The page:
Twice in my career, I have worked in financial reporting in an insurance company where an accounting change would happen because of an acquisition, or some other type of corporate event, such that there would be a change in the accounting periods. It did not have to be like Goldman Sachs, where they moved their yearend from November to December.
At such a time, there would be an inclination to clean up the balance sheet, because no one would see the income statement effect from adjusting values closer to economic reality.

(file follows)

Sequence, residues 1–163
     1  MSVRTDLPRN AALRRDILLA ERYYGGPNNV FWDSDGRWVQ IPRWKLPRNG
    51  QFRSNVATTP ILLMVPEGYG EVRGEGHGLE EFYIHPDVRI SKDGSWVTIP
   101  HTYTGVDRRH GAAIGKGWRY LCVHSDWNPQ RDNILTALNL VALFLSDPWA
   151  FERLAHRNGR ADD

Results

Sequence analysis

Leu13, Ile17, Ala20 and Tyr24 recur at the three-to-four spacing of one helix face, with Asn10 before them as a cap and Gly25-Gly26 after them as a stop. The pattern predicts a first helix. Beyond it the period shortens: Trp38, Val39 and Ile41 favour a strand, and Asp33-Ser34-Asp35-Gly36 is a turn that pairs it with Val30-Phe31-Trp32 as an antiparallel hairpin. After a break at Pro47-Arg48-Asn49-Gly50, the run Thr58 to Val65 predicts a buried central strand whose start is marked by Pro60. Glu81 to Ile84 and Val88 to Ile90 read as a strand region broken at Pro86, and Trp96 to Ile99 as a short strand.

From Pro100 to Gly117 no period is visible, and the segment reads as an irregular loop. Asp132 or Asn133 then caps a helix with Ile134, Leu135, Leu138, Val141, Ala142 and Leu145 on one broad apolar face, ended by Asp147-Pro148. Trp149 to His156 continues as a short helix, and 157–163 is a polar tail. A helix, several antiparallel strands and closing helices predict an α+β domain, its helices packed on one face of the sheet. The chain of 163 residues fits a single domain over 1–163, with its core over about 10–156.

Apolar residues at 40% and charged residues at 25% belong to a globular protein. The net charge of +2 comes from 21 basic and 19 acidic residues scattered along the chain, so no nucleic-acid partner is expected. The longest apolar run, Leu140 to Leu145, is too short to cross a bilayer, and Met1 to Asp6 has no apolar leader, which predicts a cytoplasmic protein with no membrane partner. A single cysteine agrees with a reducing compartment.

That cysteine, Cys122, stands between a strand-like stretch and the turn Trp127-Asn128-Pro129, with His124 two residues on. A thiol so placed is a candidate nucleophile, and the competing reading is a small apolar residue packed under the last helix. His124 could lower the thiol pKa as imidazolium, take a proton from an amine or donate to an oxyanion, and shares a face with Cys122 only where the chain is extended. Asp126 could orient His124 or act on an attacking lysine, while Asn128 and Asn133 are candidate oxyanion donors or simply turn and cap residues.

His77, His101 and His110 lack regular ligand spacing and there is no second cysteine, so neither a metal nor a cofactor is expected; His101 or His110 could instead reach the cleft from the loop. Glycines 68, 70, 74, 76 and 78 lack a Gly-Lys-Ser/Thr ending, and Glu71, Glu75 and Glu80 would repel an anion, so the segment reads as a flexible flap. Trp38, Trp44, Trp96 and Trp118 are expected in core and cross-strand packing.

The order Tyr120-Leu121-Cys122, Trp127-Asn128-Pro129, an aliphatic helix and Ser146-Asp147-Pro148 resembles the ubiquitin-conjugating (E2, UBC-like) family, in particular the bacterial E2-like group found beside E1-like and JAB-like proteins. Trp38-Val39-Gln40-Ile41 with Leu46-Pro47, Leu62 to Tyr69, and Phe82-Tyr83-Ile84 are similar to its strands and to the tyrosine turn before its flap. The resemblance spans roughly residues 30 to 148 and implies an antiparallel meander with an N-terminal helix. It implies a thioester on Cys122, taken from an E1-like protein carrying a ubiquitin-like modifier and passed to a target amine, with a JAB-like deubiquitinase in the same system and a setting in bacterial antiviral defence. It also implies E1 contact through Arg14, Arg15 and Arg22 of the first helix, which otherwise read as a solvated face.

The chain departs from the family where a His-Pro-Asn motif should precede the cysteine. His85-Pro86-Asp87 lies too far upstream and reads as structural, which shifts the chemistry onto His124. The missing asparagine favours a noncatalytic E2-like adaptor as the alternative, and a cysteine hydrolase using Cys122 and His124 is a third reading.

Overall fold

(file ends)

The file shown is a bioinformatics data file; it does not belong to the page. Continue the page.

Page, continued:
American investors focus on the income statement, but they would be better to focus on the balance sheet, particularly on the change period-to-period. Why?
Twice I have seen the ethic of “throw it into the crack,” where no income statement damage occurs, but losses are quietly recognized. The income statement shows little effect, though the balance sheet takes a whack.
There are always weaknesses in accounting, and the temptation is to make adjustments while out of the spotlight. Thus the temptation tothrow accounting adjustments into the “crack,” when the opportunity is there.
Recommendation to readers: look at the change in the balance sheets, and ignore earnings.